Some properties of the stochastic webs are: (a) The stochastic web can appear for $$\alpha$$ rational or fairly close to a rational for finite $$K\ ;$$ (b)The structure of the web can be characterized by the web skeleton, i.e. by some net of channels filled by any trajectory that starts within the web. Evidently, the skeleton is an invariant, i.e. its shape doesn't depend on time. (c)The web structure, i.e. its skeleton, has a symmetry of the crystalline type for $$q \in \{q_c\} \equiv (3,4,6)$$ and of the quasicrystal type if $$q \not\in \{q_c\}\ ;$$ (d) The stochastic web exists for an arbitrary small $$K$$ if $$q \in \{q_c\}$$ and the size of the meshes is independent of $$K\ .$$ It is conjectured that for $$q \not\in \{q_c\}$$ the web exists for any small $$K$$ but the smaller is $$K\ ,$$ the larger are the web's meshes.

## The Web Skeleton

The invariant structure of the stochastic web can be obtained by averaging of (1) over the period $$T\ .$$ Then, $$H=H(u,v,t) \rightarrow H_q(u,v)$$ and $\tag{3} H_q(u,v)=-(K/q)\ \sum_{j=1}^{q} \cos(\rho \cdot e_j)$

where $$\rho =(u,v)$$ and $$e_j=(\cos (2\pi j/q)-\sin (2\pi j/q))$$ are the unit vectors that form a regular $$q$$-star. Isolines generated by (3) (satisfying $$H_q=$$const) are shown in Figs 6-9. The web skeleton can be considered as a "thick isoline" obtained from (3) when $$H_q \in (E_m-\Delta E/2, E_m+\Delta E/2)\ ,$$ $$\Delta E$$ is small, and $$E_m$$ corresponds to the value of $$H_q$$ for which the distribution function of the number of saddle points as a function of energy has a maximum. For $$q \in \{q_c\}$$ such skeleton exists even if $$\Delta E \rightarrow 0\ .$$ The web skeleton can be used as a stencil for different kinds of art patterns such as 5-fold Penrose tiling. Different oriental ornaments with 5-fold symmetric stencils were found in decorations of 11-14 centuries in Iran, Granada, Cordoba (see Zaslavsky et al., 1991 and references therein).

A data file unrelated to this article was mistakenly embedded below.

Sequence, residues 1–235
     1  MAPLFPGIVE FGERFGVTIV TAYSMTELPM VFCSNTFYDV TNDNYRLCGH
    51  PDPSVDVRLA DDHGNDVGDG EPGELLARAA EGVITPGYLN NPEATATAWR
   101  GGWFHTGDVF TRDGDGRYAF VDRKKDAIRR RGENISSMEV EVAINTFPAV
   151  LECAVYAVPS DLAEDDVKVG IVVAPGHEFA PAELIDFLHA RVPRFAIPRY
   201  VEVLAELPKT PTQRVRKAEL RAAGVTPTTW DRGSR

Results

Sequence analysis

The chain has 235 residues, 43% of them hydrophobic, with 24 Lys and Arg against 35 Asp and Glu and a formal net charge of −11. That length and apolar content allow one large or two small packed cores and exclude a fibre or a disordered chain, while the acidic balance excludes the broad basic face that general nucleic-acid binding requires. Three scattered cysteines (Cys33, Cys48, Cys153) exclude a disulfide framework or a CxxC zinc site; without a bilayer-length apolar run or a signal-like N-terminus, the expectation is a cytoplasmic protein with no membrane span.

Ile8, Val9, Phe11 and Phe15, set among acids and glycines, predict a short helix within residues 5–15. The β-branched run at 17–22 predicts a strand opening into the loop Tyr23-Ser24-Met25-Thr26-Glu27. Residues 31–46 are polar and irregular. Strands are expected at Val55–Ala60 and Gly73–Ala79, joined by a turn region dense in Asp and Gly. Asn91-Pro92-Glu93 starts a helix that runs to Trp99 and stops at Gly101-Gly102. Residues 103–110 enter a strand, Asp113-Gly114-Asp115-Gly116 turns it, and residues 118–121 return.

The map $$\hat{T_{\alpha}}$$ for $$\alpha=\alpha_q$$ can be considered as a dynamical generator of the $$q$$-fold symmetry for arbitrary integer $$q\ .$$ It appeared first in the description of a charged particle dynamics in a constant magnetic wave packet. In general, the map (2) is an alternative to the Chirikov-Taylor standard map since $$H_0=(1/2)(\dot{x}^2+\omega_0^2x^2)$$ is degenerate and thus KAM theory cannot be directly applied to (1).

Important developments on the stochastic web map were obtained in (Pekarsky and Rom-Kedar, 1997; Dana and Amit, 1995; Lowenstein, 1993 and 1995). Particles dynamics along the stochastic web generated by the map (2) is diffusive and unbounded contrary to the Arnold web along which the unbounded diffusion can be only for $$N>2\ .$$ The diffusion is, in general, anomalous and can be described by fractional kinetics (Zaslavsky, 2005). Particularly, it can be superdiffusion. An example for superdiffusion with $$q=4$$ ($$\hat{T_{\pi /2}}: u_{n+1}=v_n, v_{n+1}=-u_n-K \sin (v_n)$$) is shown in Fig. 10.